11 778 €

Andorra

39 050 €

1.7

36 707 €

128 632 €

5.5

120 914 €

Armenia

9 103 €

3.8

7 423 €

6 487 €

2.7

5 420 €

Austria

110 633 €

2.6

 

110 633 €

2.6

 

Azerbaijan

13 728 €

4.8

11 112 €

13 392 €

4.7

11 820 €

Belgium

129 673 €

3.5

60 451 €

129 673 €

3.5

60 451 €

Bosnia and Herzegovina

41 481 €

6.1

25 646 €

41 481 €

6.1

25 646 €

Bulgaria

23 266 €

7.0

NA

23 266 €

7.0

NA

Croatia

58 490 €

4.7

29 754 €

58 490 €

4.7

29 754 €

Cyprus

127 387 €

5.1

NA

NAP

 

NAP

Czech Republic

50 378 €

4.8

NA

43 662 €

4.1

NA

Denmark

109 212 €

2.3

 

184 830 €

3.9

 

Estonia

47 817 €

4.8

38 138 €

36 692 €

3.7

28 205 €

Finland

114 500 €

3.3

70 000 €

72 000 €

2.1

48 000 €

France

107 011 €

3.4

91 537 €

107 011 €

3.4

91 537 €

Georgia

22 800 €

 

17 100 €

NA

 

NA

Greece

105 770 €

4.3

73 570 €

120 796 €

4.9

84 396 €

Hungary

37 480 €

4.0

18 740 €

37 480 €

4.0

18 740 €

Iceland

73 463 €

2.7

 

73 463 €

2.7

 

Ireland

257 872 €

7.8

 

 

 

 

Italy

131 302 €

5.8

73 327 €

131 302 €

5.8

73 327 €

Latvia

46 764 €

5.7

32 435 €

28 812 €

3.5

19 668 €

Lithuania

29 862 €

4.0

22 066 €

21 461 €

2.9

17 406 €

Luxembourg

140 201 €

3.3

NA

140 201 €

3.3

 

Malta

32 584 €

2.5

 

39 944 €

3.1

 

Moldova

5 100 €

2.6

4 001 €

3 775 €

1.9

2 865 €

Monaco

 

 

 

121 359 €

 

114 549 €

Montenegro

25 035 €

3.4

16 649 €

25 035 €

3.4

16 649 €

Netherlands

115 000 €

2.3

60 000 €

130 500 €

2.7

65 000 €

Norway

136 978 €

3.2

 

 

 

 

Poland

43 826 €

5.2

29 269 €

43 826 €

5.2

29 269 €

Portugal

83 401 €

4.2

 

80 972 €

4.1

 

Romania

36 802 €

6.4

25 815 €

30 403 €

5.3

21 328 €

Russian Federation

45 011 €

9.0

39 160 €

12 240 €

2.4

10 648 €

San Marino

70 760 €

3.4

60 055 €

 

 

 

Serbia

33 371 €

8.2

19 840 €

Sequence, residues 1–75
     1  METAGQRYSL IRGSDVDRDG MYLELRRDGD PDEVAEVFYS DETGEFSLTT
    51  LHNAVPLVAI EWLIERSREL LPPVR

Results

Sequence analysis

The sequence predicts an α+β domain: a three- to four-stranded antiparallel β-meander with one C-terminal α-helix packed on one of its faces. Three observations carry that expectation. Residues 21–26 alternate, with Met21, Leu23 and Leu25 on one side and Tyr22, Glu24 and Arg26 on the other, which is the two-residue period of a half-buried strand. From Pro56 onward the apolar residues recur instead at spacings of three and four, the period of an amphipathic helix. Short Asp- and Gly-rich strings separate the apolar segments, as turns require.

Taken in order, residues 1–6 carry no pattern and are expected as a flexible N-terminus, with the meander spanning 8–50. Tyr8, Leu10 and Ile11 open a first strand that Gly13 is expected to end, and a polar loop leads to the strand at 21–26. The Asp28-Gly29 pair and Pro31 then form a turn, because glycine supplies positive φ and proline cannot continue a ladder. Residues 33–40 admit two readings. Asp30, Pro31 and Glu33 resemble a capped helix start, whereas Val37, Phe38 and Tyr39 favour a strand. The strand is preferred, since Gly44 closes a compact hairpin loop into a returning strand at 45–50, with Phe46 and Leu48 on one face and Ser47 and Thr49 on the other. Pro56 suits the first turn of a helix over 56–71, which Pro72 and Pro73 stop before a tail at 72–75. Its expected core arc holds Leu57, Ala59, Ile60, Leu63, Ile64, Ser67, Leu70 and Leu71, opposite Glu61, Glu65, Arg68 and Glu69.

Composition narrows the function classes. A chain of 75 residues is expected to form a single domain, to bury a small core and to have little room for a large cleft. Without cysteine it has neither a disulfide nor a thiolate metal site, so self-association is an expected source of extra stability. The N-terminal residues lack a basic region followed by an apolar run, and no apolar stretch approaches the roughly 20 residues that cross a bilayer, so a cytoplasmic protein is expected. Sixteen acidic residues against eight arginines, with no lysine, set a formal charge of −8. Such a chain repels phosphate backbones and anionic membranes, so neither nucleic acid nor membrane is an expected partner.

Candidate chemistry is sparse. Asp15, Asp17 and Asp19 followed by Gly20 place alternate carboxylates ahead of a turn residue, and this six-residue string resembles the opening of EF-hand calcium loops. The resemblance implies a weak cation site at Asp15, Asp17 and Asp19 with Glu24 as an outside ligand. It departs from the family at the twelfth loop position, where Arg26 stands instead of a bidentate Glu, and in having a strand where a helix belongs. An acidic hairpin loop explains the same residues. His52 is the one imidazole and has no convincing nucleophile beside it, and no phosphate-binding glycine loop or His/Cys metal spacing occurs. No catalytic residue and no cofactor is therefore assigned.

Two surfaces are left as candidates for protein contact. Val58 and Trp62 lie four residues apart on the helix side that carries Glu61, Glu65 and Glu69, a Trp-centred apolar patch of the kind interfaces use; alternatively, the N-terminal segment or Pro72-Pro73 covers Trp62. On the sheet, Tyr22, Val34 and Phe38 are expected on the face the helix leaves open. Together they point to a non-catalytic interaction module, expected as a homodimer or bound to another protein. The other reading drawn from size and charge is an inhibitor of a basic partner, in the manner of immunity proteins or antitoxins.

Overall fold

27 809 €

6.9

16 533 €

Slovakia

36 550 €

4.2

 

36 550 €

4.2

 

Slovenia

55 509 €

3.3

29 529 €

51 456 €

3.1

27 792 €

Spain

137 810 €

4.7

NA

137 810 €

4.7

NA

Sweden

96 634 €

3.2

55 713 €

143 500 €

4.8

50 000 €

Switzerland

227 446 €

4.9

211 980 €

147 912 €

3.2

124 246 €

FYROMacedonia

20 912 €

4.1

13 583 €

16 916 €

3.3

11 037 €

Turkey

37 146 €

 

29 864 €

37 146 €

 

29 864 €

UK-England and Wales

212 093 €

8.1

NA

 

 

NA

UK-Northern Ireland

176 899 €

7.7

101 273 €

 

 

 

UK-Scotland

214 165 €

8.5

 

88 845 €

3.5

 

Average

 

4.6

   

3.9

 

Median

 

4.2

   

3.5

 

Minimum

 

1.7

   

1.9

 

Maximum

 

9.0

   

7.0

 

The ratio between the salary of a judge or prosecutor at the Supreme Court or at the Highest Appellate Court and the national average gross annual salary is an interesting indicator to measure differences between countries by removing the biases that are the modes of recruitment, age, previous career, the exchange rate or GDP. The four common law states and entities, UK-Scotland, Ireland, UK-Northern Ireland and UK-England and Wales as well as the Russian Federation, Serbia and Bulgaria grant judges at the Supreme Court or at the Highest Appellate Court with the highest salaries related to the national average gross annual salary, 7 to 9 times higher. The European median for judges is 4,2 times, for prosecutors it is still 3,5. Such significant deviations can be found for other legal professions such as lawyers for instance.

Disciplinary proceedings against judges and prosecutors

Judges and prosecutors have series of responsibilities which may lead to disciplinary proceedings in case of non-fulfilment. The legality principle requires that disciplinary sanctions can only be imposed on judges in cases expressly defined by the judges’ status, where one must find the list of the various sanctions that can be imposed.

Figure 19. Number of sanctions pronounced per 100 judges in 2008

An average of 1 sanction per 100 judges is characteristic of the 37 responding states or entities.

The difference between the number of “open disciplinary proceedings” and the number of “finally imposed sanctions” is explained by the fact that a filter mechanism does or does not exist before filing the case before the disciplinary body.

11. Lawyers

The word "lawyer" is used according to Recommendation Rec(2000)21 of the Council of Europe namely: “… a person qualified and authorised according to the national law to plead and act on behalf of his or her clients, to engage in the practice of law, to appear before the courts or advise and represent his or her clients in legal matters”.

Figure 20. Number of lawyers (with and without legal advisors) per 100.000 inhabitants in 2008